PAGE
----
04-18-2018 10:16:00 AM -0700
04-16-2018 01:32:51 PM -0700
04-16-2018 09:59:36 AM -0700
04-12-2018 09:53:41 AM -0700
04-10-2018 11:19:03 AM -0700
It looks like you've previously blocked notifications. If you'd like to receive them, please update your browser permissions.
Desktop Notifications are  | 
Get instant alerts on your desktop.
Turn on desktop notifications?
Remind me later.

The Coming Regulatory Black Hole

One example is the inexplicable new regulations, courtesy of Obamacare, governing vending machines and restaurants, ordering them to display nutritional information. These regulations were expanded to include grocery stores and virtually all food service chains. The estimated cost: $1.1 billion with 1.4 million additional paperwork burden hours. These regulations have been "under review" for months but were delayed by the White House.

Another example comes from the American Action Forum:

[A] proposed rule requiring "Sound for Hybrid and Electric Vehicles" has a statutory deadline of July 5, 2012, but the regulation remains at the White House. There is no indication how much ‘artificial vehicle sound’ devices will cost automobile manufacturers. The public won’t know until the administration publishes the proposal.

Typically, a new regulation remains at the White House under review for 90 days. Some of the regs that will be published in the next couple of months have been tied up by the administration for a year or more. The reason is obvious, as the National Association of Manufacturers showed in a report on new EPA regulations in the pipeline:

The report, issued in late November, said compliance costs for six major EPA regulations -- including rules limiting air and water pollution from coal- and oil-fired power plants -- could total up to $111 billion by government estimates and up to $138 billion by industry estimates. Construction costs could total $500 billion, it said.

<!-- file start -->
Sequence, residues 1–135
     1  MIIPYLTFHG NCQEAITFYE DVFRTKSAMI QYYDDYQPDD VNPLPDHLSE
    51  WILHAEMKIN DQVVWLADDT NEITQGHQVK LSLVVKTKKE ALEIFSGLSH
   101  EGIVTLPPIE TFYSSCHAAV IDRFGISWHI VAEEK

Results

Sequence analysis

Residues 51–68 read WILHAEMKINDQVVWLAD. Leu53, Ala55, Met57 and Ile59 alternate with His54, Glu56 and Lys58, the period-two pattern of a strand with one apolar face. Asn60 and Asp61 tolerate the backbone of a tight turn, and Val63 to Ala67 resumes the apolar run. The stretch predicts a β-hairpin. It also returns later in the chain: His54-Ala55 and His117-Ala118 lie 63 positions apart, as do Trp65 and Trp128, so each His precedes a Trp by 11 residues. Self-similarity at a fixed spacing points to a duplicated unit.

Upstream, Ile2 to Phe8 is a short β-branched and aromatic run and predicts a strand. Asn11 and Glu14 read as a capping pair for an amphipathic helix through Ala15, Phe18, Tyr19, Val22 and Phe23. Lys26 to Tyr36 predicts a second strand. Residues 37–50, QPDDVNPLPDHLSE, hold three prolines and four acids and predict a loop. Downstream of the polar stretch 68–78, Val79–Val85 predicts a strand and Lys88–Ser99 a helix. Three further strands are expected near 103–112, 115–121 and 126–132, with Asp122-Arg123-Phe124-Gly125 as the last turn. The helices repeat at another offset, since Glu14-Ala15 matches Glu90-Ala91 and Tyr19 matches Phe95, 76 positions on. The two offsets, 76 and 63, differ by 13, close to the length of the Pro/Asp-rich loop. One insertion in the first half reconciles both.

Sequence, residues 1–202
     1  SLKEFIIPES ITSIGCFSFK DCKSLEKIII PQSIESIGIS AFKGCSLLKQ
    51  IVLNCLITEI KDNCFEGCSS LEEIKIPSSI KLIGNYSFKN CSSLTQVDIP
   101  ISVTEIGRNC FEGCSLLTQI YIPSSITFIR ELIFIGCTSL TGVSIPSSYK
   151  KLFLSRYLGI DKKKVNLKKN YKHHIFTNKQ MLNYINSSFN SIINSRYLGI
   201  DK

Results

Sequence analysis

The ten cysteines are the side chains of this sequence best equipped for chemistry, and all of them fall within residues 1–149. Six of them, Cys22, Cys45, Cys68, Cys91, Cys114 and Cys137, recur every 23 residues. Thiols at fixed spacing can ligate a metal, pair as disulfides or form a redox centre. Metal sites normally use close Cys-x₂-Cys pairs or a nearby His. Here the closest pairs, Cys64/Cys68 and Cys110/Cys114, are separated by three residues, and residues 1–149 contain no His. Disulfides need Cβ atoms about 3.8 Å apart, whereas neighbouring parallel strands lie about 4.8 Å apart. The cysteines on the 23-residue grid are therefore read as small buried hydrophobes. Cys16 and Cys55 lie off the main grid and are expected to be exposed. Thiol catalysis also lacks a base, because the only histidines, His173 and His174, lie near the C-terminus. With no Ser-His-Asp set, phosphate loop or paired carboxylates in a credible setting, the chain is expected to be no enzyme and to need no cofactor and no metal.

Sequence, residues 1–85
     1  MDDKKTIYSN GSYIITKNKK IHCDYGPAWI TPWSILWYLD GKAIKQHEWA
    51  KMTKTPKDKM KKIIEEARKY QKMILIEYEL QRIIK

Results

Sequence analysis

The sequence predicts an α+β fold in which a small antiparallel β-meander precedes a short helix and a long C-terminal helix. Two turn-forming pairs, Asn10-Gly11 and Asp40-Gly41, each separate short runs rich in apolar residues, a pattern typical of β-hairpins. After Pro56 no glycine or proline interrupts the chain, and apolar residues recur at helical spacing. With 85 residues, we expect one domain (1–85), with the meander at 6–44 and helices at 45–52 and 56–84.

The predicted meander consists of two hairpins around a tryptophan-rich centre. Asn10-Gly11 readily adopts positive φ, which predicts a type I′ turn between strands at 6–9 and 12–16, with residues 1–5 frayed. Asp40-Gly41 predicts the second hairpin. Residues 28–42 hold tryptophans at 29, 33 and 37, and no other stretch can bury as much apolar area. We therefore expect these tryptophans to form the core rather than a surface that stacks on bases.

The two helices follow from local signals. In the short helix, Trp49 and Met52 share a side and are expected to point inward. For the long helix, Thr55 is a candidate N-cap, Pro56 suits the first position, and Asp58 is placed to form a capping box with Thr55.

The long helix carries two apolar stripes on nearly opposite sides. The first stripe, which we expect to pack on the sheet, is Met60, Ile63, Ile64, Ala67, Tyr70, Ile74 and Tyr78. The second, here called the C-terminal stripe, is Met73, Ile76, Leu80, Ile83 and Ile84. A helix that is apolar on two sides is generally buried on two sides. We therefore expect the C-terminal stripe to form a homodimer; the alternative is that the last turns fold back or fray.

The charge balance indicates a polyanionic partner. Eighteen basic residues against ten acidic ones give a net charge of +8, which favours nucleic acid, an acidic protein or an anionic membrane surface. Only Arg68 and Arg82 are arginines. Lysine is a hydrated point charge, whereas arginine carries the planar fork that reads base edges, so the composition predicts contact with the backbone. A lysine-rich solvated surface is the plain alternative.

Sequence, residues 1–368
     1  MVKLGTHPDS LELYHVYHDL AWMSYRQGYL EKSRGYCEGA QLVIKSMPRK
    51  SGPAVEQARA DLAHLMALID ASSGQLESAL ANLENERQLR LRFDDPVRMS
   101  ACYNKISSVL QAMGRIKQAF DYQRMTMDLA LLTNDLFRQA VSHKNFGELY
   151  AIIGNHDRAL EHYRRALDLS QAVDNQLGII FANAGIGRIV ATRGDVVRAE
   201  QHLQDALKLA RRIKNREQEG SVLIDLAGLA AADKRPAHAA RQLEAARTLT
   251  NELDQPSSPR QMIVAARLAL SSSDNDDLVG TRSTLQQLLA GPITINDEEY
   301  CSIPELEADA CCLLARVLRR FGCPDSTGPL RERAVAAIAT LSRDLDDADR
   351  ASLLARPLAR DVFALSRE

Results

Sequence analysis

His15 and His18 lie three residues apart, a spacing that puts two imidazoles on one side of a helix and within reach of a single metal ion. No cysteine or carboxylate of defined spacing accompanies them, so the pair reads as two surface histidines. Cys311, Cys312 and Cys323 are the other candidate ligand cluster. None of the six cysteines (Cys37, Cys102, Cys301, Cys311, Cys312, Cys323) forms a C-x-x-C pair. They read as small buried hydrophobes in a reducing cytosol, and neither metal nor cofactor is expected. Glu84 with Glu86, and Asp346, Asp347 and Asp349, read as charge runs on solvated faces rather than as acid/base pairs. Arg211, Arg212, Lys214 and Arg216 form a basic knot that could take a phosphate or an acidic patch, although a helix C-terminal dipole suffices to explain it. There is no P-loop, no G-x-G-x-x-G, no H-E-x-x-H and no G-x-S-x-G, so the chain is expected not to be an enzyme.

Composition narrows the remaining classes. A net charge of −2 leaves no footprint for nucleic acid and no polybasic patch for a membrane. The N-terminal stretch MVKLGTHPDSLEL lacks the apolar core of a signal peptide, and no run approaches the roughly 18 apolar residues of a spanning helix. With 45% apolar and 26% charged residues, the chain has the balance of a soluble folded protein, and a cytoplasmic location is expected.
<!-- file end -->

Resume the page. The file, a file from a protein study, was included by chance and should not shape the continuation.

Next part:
Jay Timmons, president and CEO of the manufacturing group, warned of a "devastating ripple effect" that could be felt throughout the U.S. economy if federal rules are not relaxed or delayed. Some manufacturers are likely to "close their doors for good" because of EPA rules, Timmons said.

One would imagine a lot of those lost jobs would have been in Ohio -- something the Obama campaign just couldn't countenance. Better to have those Ohio voters lose their jobs once the president was safe and sound back in the White House than lose them before the election and blame Obama for their suffering.

You have no doubt heard the term "unfettered capitalism" bandied about by the left over the last several years. This refers to the left's idea that American businessmen are a bunch of robber barons who practice a kind of predatory capitalism not seen since the gilded age. Unrestrained by government, businesses cheat consumers, steal from grandma, rape the land, poison our water, pollute our air, deny opportunities to minorities because they're racist pigs, and gleefully place workers in danger of their lives to make an extra buck.

It's a cute bedtime story, but anyone who uses the term "unfettered capitalism" to describe how American business operates in the 21st century is an ignoramus. The Federal Register, published every week day and containing all proposed rules and regulations -- most of which govern business activities -- was 81,000 pages in 2011 alone. Many of those rules were never adopted, but the scope of business activity regulated by as many as 60 federal agencies and departments is breathtaking. According to the Heritage Foundation, as of 2008 there were 145,000 pages of regulations -- the overwhelming majority of which affect American business.

Add to that state and local rules and one wonders how anyone could be so stupid as to charge that the problem with America is "unfettered capitalism."

Surely there are many of those regulations that are needed and necessary. Businesses are run by human beings, and there are some shady characters who think nothing of dumping toxic waste, forcing employees to work in unsafe conditions, or of surreptitiously polluting air and water. Some regulations are burdensome but, as the Heritage article points out, many regulations actually increase competitiveness, protect property rights, and keep us safe from terrorists.

But few of these regulations that the Obama administration has sat on for months, waiting for the campaign to end, meet the "necessary" criteria. In fact, the reason that President Obama restrained his eager-beaver agencies was because of their detrimental effect on the economy.

This is not a regulatory cliff we're approaching. It is a regulatory black hole where jobs and profit are sucked over the event horizon and there is no hope of escape.